# can I calculate freq response generically from filters?

I'd like to display the freq response of a Sallen Key filter type (in the specific case, this simple resonant filter).

on biquad, for example, I calculate magnitude and phase from zeros and poles, such as (in cpp):

// zeros
std::complex<double> resZeros(0.0, 0.0);
resZeros += mCoefficients.mA0 * std::exp(std::complex<double>(0.0, -0 * freq * k2PI));
resZeros += mCoefficients.mA1 * std::exp(std::complex<double>(0.0, -1 * freq * k2PI));
resZeros += mCoefficients.mA2 * std::exp(std::complex<double>(0.0, -2 * freq * k2PI));

// poles
std::complex<double> resPoles(0.0, 0.0);
resPoles += 1.0 * std::exp(std::complex<double>(0.0, -0 * freq * k2PI));
resPoles += mCoefficients.mB1 * std::exp(std::complex<double>(0.0, -1 * freq * k2PI));
resPoles += mCoefficients.mB2 * std::exp(std::complex<double>(0.0, -2 * freq * k2PI));

std::complex<double> res = resZeros / resPoles;

// magnitude
float magnitude = (float)std::abs(res);
if (std::isnan(magnitude)) {
magnitude = 0.0f;
}

// phase
float phase = (float)std::arg(res); // i.e. math.atan2(res.im, res.re)
if (std::isnan(phase)) {
phase = 0.0f;
}

return std::polar(magnitude, phase);


this code is taken from the web :) can I do the same with the filter above? generally, can I do it with different kind of filters?

• For magnitude response of a biquad (which is one thing you're doing), you can sorta rearrange some of the mathematics to make it numerically a little better behaved. For phase, there is something else to work out, but what you should do is work out the phase change from the previous plotted point to the current and simply accumulate that phase change. That will automatically calculate group delay and nicely unwrap the phase. Commented Jul 3, 2023 at 16:31
• @robertbristow-johnson but I need response of this musicdsp.org/en/latest/Filters/29-resonant-filter.html, not the biquad (which I already have the code). Commented Jul 3, 2023 at 17:24
• That example has two states (´buf0´ and ´buf1´) and it's LTI. So it's a biquad. With the exception of ´in´, attach a $z^{-1}$ to every variable and solve for the transfer function. Then you'll know how to apply the biquad frequency response. Commented Jul 3, 2023 at 18:02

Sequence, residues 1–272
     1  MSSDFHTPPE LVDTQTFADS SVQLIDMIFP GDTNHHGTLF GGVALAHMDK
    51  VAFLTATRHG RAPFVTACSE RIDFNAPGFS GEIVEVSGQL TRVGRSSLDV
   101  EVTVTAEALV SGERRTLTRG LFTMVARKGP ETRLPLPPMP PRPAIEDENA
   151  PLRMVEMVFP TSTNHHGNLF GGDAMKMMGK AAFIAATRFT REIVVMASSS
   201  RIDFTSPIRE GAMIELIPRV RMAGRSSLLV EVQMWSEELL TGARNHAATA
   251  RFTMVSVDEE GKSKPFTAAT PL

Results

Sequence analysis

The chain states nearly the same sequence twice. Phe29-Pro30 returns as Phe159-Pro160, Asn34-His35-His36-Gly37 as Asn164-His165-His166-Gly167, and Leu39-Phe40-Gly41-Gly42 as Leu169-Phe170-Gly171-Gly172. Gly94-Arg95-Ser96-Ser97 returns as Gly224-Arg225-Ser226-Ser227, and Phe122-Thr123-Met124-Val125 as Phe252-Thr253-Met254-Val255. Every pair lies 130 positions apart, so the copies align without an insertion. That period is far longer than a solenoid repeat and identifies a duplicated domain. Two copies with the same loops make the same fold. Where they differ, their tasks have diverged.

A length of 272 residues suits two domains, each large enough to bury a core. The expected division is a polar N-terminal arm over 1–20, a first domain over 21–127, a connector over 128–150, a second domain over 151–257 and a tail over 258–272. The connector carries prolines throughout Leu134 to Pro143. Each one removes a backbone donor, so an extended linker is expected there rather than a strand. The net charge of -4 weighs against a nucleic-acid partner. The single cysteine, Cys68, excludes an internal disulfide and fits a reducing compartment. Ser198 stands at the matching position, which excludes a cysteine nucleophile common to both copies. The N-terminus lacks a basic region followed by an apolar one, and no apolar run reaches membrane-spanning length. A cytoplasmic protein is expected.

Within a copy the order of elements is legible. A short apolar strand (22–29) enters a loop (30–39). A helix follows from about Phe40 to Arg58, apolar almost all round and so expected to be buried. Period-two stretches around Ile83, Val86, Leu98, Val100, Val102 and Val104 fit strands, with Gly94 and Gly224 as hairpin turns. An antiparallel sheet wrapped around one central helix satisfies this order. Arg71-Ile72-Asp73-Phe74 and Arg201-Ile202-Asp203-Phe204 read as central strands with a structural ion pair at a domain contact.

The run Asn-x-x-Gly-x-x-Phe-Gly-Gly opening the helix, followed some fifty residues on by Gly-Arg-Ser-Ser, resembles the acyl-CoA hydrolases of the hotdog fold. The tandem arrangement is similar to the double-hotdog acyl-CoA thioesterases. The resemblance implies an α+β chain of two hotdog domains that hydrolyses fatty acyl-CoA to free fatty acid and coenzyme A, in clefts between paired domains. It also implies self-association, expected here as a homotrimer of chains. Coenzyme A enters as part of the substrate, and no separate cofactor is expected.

• It can be evaluated if I work on it a little. Commented Jul 4, 2023 at 19:31
• Sure, put that Paul Kellet filter in a question. I'll work it out. Commented Jul 4, 2023 at 20:05

To calculate the frequency response from the poles and zeros in continuous time (Laplace), write out the transfer function, $$H(s)$$, as the numerator (zeros) divided by the denominator (poles) and simply replace $$s$$ with $$j\omega$$, since the frequency response is the transfer function with $$s$$ restricted to be the $$j\omega$$ axis:

$$H(s) = \frac{(s-z_1)(s-z_2)(s-z_3)\ldots}{(s-p_1)(s-p_2)(s-p_3)\ldots}$$

With $$z_1$$, $$z_2$$, etc referring to the zero locations on the complex s-plane, and $$p_1$$, $$p_2$$, etc referring to the poles.

$$H(j\omega) = \frac{(j\omega-z_1)(j\omega-z_2)(j\omega-z_3)\ldots}{(j\omega-p_1)(j\omega-p_2)(j\omega-p_3)\ldots}$$

This is plug and chug with complex numbers, so multiply it out and then calclulate the magnitude and phase as a function of frequency, which is the frequency response.

For discrete time (Z-transform), it is the same process, except the frequency response is the transfer function in z, $$H(z)$$, with $$z$$ replaced with $$e^{j\omega}$$ with $$\omega$$ extending from $$0$$ to $$2 \pi$$ (the unit circle):

$$H(z) = \frac{(z-z_1)(z-z_2)(z-z_3)\ldots}{(z-p_1)(z-p_2)(z-p_3)\ldots}$$

$$H(e^{j\omega}) = \frac{(e^{j\omega}-z_1)(e^{j\omega}-z_2)(e^{j\omega}-z_3)\ldots}{(e^{j\omega}-p_1)(e^{j\omega}-p_2)(e^{j\omega}-p_3)\ldots}$$

Here's a very simple and graphical demonstration for a first order single pole continuous time RC low pass filter:

The RC filter results in a single real pole in the left half plane at $$s=-\frac{1}{RC}$$.

The transfer function for this is: $$H(s) = \frac{1}{s-p_1} = \frac{1}{s+1/(RC)}$$

Graphically on the s-plane we have a ratio of phasors where the numerator is always $$1/angle{0}$$ and the denominator $$s-p_1$$ with $$s=j\omega$$ starts off at DC when \omega=0 to be a phasor with magnitude $$1/(RC)$$ and angle $$0$$. This is our starting magnitude referenced by 0 dB on the Bode plot showing the relative magnitude and phase over frequency. As we increase $$\omega$$ up to the magnitude of the pole (when $$s=j (1/(RC))$$), the length of the denominator phasor will be $$\sqrt{2}$$ longer and at an angle of 45°. Given this is in the denominator and the numerator in this case was always 1, this is consistent with a -3 dB magnitude and -45° and is noted as the cutoff frequency. As we continue to sweep the frequency toward $$\infty$$ we see that the magnitude of the denominator approaches $$\infty$$ and the phase approaches +90°, consistent with the magnitude approaching $$0$$ and phase approaching -90° for $$H(j\omega)$$.

• What I would do is replace the symbol for zeros from $z_n$ to $q_n$ so that when you go to digital and $H(z)$, you don't have symbol confusion. Commented Jul 4, 2023 at 19:33
• i just might modify your answer a little. Commented Jul 4, 2023 at 19:37
• @robertbristow-johnson Yes thank you! That has always bothered me but I never had a good idea of how to fix that. Commented Jul 4, 2023 at 19:45